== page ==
Manava, Māṇava, Mānava: 24 definitions
Manava means something in Buddhism, Pali, Hinduism, Sanskrit, Jainism, Prakrit, Marathi, Jainism, Prakrit, Hindi. If you want to know the exact meaning, history, etymology or English translation of this term then check out the descriptions on this page. Add your comment or reference to a book if you want to contribute to this summary article.
Alternative spellings of this word include Manav.
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Purana and Itihasa (epic history)Source: Wisdom Library: Purāṇas
Mānava (मानव) refers to a variety of maṇḍapa (halls attached to the temple), according to the Matsya-purāṇa (verses 270.1-30). The mānava-maṇḍapa is to be built with 28 pillars (stambha). The Matsyapurāṇa is one of the eighteen major purāṇas dating from the 1st-millennium BCE.
Accordingly (verse 270.15-17), “These maṇḍapas (e.g., mānava) should be either made triangular, circular, octagonal or with 16 sides or they are square. They promote kingdoms, victory, longevity, sons, wife and nourishment respecitvely. Temples of other shape than these are inauspicious.”Source: archive.org: Puranic Encyclopedia
Mānava (मानव).—A scholar and an authority on Dharmaśāstra. He was the author of three books namely, Mānava Upapurāṇa, Mānavaśrautasūtra and Mānavavāstulakṣaṇa.Source: Cologne Digital Sanskrit Dictionaries: The Purana Index
1) Manava (मनव).—Twelve sons of Brahmā with mantraśarīras.*
- * Vāyu-purāṇa 67. 6.
2a) Mānava (मानव).—A Pañcārṣeya.*
- * Matsya-purāṇa 196. 50.
2b) The 20th kalpa.*
- * Matsya-purāṇa 290. 8.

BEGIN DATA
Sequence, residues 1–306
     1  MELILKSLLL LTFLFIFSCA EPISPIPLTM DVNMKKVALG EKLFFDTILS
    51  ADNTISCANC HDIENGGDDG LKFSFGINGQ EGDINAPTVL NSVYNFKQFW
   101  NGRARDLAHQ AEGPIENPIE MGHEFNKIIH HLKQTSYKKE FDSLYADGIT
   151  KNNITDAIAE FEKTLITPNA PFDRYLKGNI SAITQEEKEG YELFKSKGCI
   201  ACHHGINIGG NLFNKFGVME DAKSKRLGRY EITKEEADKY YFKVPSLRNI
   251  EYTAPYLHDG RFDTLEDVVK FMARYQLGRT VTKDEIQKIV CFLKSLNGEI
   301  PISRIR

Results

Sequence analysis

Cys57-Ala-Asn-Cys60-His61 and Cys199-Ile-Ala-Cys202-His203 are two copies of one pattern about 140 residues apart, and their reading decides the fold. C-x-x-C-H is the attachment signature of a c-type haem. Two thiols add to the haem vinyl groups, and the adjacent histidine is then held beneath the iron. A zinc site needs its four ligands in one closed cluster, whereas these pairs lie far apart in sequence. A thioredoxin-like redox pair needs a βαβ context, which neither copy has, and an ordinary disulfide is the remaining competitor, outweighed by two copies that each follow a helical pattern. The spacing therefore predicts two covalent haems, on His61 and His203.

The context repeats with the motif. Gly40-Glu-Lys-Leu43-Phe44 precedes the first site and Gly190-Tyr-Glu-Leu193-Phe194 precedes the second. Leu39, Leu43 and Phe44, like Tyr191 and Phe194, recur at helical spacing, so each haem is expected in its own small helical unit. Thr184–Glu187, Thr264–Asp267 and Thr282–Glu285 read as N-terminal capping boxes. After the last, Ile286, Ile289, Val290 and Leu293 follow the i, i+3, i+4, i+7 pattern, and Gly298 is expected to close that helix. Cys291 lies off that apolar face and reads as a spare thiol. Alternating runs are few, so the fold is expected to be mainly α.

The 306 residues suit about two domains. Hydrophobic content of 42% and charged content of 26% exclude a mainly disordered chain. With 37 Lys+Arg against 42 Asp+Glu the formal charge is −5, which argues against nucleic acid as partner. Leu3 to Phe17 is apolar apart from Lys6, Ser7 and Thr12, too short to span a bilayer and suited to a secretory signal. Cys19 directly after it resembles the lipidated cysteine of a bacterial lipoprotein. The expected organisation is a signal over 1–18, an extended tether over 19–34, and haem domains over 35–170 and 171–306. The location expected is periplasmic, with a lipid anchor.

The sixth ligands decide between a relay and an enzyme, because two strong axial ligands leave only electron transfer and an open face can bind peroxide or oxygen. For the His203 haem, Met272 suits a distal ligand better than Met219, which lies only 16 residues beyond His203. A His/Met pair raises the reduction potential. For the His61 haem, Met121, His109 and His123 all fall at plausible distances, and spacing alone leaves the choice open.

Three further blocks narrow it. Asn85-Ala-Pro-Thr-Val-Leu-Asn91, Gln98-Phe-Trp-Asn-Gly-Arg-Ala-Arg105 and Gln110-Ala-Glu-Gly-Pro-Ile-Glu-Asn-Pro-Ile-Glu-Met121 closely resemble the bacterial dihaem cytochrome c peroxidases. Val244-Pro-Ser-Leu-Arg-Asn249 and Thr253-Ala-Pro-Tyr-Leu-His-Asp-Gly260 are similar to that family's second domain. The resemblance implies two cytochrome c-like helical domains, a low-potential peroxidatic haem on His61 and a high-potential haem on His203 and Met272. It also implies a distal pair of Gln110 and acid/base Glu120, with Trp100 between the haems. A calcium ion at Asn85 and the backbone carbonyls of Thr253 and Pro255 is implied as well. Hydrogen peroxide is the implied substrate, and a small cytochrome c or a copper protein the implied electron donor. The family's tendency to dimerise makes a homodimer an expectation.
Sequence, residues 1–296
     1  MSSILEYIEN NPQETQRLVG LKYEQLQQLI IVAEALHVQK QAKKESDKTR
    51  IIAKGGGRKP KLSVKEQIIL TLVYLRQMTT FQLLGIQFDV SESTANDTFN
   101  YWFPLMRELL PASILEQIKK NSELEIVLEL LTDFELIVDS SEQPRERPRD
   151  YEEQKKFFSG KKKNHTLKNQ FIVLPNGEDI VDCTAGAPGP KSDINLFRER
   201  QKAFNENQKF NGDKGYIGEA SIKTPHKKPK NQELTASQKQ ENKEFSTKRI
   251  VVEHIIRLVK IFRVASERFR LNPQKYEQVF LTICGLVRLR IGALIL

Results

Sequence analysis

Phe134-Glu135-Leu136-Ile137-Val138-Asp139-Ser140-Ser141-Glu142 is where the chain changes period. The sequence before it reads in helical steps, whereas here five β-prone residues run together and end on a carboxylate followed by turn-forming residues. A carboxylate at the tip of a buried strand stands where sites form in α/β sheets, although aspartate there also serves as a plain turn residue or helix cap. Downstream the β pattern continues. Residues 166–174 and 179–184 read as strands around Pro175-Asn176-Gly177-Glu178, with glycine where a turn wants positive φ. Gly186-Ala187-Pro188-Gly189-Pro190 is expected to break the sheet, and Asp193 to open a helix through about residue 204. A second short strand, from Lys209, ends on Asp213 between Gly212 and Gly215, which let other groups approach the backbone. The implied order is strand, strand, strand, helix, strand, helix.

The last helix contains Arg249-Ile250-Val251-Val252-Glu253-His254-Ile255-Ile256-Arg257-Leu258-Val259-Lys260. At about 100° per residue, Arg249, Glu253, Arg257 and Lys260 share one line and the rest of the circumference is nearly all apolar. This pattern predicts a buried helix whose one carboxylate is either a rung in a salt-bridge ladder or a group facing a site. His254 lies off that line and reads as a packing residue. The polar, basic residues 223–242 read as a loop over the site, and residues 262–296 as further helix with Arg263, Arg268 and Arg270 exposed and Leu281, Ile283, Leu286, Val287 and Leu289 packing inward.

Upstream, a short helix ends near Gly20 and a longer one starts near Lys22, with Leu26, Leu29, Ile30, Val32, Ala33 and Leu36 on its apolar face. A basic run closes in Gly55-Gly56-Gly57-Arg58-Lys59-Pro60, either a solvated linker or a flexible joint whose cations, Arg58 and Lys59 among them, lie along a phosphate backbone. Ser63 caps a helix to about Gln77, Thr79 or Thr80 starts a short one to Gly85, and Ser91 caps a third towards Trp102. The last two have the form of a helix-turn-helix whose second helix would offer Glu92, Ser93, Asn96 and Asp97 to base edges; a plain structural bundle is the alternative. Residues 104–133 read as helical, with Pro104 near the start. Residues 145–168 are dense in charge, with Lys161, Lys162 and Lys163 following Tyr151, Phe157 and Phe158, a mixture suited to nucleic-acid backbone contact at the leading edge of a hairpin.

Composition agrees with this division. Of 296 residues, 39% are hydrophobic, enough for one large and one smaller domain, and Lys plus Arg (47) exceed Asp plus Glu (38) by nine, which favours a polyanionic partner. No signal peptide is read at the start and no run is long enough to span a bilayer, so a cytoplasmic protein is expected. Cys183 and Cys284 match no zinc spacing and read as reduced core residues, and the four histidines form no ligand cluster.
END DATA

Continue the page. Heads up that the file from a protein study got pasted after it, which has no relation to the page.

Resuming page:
Mānava (मानव) is a name mentioned in the Mahābhārata (cf. I.52.15, I.57, I.59.7, I.65) and represents one of the many proper names used for people and places. Note: The Mahābhārata (mentioning Mānava) is a Sanskrit epic poem consisting of 100,000 ślokas (metrical verses) and is over 2000 years old.
The Purana (पुराण, purāṇas) refers to Sanskrit literature preserving ancient India’s vast cultural history, including historical legends, religious ceremonies, various arts and sciences. The eighteen mahapuranas total over 400,000 shlokas (metrical couplets) and date to at least several centuries BCE.
Kavya (poetry)Source: Shodhganga: The Kavyamimamsa of Rajasekhara
Mānava (मानव) is the name of an important person (viz., an Ācārya or Kavi) mentioned in Rājaśekhara’s 10th-century Kāvyamīmāṃsā.—The followers Ācāryas of Manu known as the name of Mānava (Mānavāḥ).
Kavya (काव्य, kavya) refers to Sanskrit poetry, a popular ancient Indian tradition of literature. There have been many Sanskrit poets over the ages, hailing from ancient India and beyond. This topic includes mahakavya, or ‘epic poetry’ and natya, or ‘dramatic poetry’.
Theravada (major branch of Buddhism)Source: Pali Kanon: Pali Proper Names
He belonged to a rich brahmin family of Savatthi. When on his way to the park one day, at the age of seven, he saw, for the first time, persons afflicted with old age, disease, and death. These filled him with horror, and he went to the monastery, heard the Buddha preach, and, with his parents consent, entered the Order. He was called Manava because he left the world so young.
In the time of Vipassi Buddha he was a physiognomist, and, having seen the child, declared that he would certainly become a Buddha, and worshipped him. In subsequent lives he became king many times under the names of Sammukhathavika, Pathavidundubhi, Obhasa, Sadinacchedana, Agginibbapaka, Vatamma, Gatipacchedana, Ratanapajjala, Padakkamana, Vilokana and Girisara (ThagA.vs.73; ThagA.i.162ff).